CNN’s Don Lemon put the squeeze on Democratic National Chairwoman Debbie Wasserman Schultz over the events last week in Charlotte at the Democratic National Convention that left many people wondering about her judgment and leadership skills.
Lemon started off the interview Saturday night by asking Wasserman Schultz about her remarks on Republicans and Israel. The Washington Examiner had reported her as saying that Israeli Ambassador Michael Oren had told her that “what the Republicans are doing is dangerous for Israel.”
Wasserman Schultz then accused the Examiner of misquoting her, saying that she never said that Republican policies were dangerous for Israel, but rather that what Republicans were doing by suggesting that there was “daylight” between the parties on Israel was what was “harmful” to Israel.
Lemon told Wasserman Schultz that maybe she didn’t say it, but she certainly “inferred” (sic) it, and that Oren denied that he ever made those remarks.
Wasserman Schultz disagreed with that assessment. But the problem for her is that she claims that she was misquoted, when a check of the Examiner  story makes no mention of her using the word “policies” and was a very straightforward report of what she did say.
After realizing that she was going to stick to her talking points, Lemon moved on to the platform debacle in which the Democrats removed references to God and Jerusalem from their platform, only to reinsert them after a public outcry, in a very clumsy manner.
Lemon started off by playing the now famous clip of the platform vote that shows a contentious vote and a very confused Anthony Villaraigosa, the chairman of the convention. Villaraigosa finally made the decision to pass the platform changes after three voice votes in which it was clear that there was not a two-thirds majority, which was necessary to reinstate the language.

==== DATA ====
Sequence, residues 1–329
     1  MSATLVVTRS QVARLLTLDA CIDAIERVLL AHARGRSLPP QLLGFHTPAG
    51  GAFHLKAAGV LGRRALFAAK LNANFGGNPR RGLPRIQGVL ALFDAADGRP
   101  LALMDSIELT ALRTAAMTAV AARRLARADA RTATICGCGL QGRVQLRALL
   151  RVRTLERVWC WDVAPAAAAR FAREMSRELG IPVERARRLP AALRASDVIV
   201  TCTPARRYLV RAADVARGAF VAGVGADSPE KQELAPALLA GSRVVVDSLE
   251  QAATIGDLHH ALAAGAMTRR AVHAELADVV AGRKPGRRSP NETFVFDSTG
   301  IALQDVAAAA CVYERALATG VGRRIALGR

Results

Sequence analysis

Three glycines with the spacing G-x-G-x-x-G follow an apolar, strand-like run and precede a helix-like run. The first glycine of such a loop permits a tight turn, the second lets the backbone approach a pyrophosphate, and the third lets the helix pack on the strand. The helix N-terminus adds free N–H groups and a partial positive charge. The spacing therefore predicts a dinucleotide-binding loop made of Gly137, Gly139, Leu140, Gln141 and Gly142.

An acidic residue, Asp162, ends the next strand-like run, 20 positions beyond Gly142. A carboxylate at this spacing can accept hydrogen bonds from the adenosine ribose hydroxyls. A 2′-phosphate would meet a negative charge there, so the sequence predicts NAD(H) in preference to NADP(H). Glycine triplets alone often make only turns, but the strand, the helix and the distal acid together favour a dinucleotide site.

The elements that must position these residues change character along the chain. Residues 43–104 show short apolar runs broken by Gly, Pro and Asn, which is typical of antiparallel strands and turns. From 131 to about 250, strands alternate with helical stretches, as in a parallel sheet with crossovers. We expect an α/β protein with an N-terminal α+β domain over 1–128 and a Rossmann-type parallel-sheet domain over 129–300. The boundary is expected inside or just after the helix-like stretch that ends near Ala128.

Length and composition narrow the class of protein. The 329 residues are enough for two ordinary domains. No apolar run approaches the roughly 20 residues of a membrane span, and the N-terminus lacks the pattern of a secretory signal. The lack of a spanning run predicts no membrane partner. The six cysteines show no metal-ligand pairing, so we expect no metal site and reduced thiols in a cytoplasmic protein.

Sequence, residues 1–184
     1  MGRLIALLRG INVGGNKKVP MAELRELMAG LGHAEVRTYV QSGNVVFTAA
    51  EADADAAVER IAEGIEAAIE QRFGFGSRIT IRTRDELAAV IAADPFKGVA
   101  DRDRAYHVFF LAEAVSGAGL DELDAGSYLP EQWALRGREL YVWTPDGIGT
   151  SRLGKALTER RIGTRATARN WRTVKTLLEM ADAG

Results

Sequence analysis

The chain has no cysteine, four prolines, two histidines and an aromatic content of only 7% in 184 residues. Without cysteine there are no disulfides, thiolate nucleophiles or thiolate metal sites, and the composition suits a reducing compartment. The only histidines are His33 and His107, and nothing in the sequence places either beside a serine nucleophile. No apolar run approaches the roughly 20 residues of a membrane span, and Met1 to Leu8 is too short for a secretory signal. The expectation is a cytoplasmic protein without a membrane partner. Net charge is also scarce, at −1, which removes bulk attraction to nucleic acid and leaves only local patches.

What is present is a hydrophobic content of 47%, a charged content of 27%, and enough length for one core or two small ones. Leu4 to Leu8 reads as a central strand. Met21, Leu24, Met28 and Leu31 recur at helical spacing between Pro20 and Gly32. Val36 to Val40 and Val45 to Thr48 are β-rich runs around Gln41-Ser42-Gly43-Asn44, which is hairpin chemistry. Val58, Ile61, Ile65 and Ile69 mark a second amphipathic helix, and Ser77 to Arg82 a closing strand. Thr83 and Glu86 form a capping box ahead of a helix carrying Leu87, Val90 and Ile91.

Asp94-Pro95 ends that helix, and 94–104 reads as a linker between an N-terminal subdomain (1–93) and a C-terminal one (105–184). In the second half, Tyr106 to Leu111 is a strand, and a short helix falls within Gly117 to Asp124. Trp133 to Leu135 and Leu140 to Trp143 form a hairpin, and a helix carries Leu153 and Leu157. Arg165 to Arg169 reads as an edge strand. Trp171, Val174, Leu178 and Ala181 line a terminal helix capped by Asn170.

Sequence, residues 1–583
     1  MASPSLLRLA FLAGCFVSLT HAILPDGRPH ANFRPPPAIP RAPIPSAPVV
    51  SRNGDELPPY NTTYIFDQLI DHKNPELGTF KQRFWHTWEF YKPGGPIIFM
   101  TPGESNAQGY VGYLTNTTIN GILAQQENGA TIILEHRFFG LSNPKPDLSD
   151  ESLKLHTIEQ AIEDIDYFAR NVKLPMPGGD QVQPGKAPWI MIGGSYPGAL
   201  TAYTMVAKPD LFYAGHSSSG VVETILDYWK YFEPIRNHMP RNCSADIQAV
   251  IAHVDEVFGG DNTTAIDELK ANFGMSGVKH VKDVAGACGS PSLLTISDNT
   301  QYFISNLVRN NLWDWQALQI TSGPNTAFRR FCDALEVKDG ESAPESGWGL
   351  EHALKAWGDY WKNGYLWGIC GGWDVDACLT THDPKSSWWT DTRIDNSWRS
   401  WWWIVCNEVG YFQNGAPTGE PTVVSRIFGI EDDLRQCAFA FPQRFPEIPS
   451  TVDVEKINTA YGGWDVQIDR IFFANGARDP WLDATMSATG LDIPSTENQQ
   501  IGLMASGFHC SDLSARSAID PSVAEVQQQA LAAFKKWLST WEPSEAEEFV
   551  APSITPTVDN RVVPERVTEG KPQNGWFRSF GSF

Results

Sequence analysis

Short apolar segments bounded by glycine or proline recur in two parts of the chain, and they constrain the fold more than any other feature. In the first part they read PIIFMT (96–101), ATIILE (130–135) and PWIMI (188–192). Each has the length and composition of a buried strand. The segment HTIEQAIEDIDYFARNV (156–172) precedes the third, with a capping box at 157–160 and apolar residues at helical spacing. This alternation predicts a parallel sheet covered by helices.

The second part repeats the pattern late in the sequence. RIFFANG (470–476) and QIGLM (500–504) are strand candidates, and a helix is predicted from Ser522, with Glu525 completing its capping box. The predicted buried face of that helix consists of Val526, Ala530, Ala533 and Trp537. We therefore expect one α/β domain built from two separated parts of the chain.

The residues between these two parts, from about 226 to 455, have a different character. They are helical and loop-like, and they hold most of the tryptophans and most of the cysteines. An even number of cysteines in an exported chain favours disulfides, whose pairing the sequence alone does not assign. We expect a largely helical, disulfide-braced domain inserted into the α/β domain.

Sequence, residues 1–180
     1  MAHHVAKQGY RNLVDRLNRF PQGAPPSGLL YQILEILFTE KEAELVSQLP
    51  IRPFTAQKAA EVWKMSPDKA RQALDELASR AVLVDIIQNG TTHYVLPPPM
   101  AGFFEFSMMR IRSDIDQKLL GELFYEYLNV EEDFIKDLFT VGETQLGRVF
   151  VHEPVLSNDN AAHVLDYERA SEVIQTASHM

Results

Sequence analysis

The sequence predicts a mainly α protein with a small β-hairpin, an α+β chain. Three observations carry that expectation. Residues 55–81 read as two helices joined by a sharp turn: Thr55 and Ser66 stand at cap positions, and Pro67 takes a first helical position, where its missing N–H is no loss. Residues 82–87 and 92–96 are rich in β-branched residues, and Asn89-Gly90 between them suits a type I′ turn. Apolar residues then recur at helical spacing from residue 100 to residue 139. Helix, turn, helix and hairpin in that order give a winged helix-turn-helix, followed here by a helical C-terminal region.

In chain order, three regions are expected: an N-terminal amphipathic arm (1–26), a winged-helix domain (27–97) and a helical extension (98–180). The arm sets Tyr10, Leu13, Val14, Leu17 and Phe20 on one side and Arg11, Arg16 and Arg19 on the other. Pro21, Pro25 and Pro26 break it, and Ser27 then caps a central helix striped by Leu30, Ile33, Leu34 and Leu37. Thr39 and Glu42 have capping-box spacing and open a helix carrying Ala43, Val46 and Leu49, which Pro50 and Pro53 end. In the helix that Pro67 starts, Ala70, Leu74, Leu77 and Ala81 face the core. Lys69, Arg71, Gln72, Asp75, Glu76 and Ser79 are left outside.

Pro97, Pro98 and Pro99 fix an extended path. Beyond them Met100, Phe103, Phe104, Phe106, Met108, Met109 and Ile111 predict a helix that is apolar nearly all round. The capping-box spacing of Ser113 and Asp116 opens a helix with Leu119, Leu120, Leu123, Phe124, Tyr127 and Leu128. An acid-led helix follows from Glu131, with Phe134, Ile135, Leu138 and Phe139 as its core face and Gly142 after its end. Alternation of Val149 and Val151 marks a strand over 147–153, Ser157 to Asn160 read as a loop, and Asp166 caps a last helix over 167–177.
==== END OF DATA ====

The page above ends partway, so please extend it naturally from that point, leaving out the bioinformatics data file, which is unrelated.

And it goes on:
He then asked Wasserman Schultz, as the head of the Democratic National Committee, who was responsible for screwing up the language?
Wasserman Schultz said that when President Obama realized there was an omission, he insisted that they be reinserted.
Lemon wasn’t satisfied with her answer and told her that he had heard that “over and over and over again,” and that after the GOP convention which repeatedly mentioned God and Israel, that omitting them from the Democratic platform must have been intentional. He asked her if she shouldn’t have made sure there wasn’t an oversight, considering her position as the head of the DNC and being a Jewish-American?
Wasserman Schultz responded by saying that the platform was very pro-Israel, and reiterated that it was President Obama who insisted the language be reinserted so that the platform would be reflective of his personal views.
After a little more discussion of the platform language, Lemon then switched back to the controversial platform vote, asking why the teleprompter already included language stating that the necessary 2/3 vote was achieved?
Wasserman Schultz said that the anticipation was that they would get that 2/3 vote, and that’s what Villaraigosa heard and that’s why he called it that way. She also disputed the notion that there was any discord.
I know discord. Hearing a smattering of opposition when something’s proposed, we don’t do things completely unanimously nor do we require unanimity in our party.
A smattering of opposition? Was she hearing the same voice vote that everyone else heard? There was noticeable disagreement over the platform language, and no one said that there had to be unanimity, but in this case they needed at least a 2/3 vote of the delegates and they clearly didn’t get it. But Villaraigosa approved it anyway, in an attempt to avoid embarrassment, though the coverage after the vote made the Democrats look worse than if they had just had an honest vote to begin with.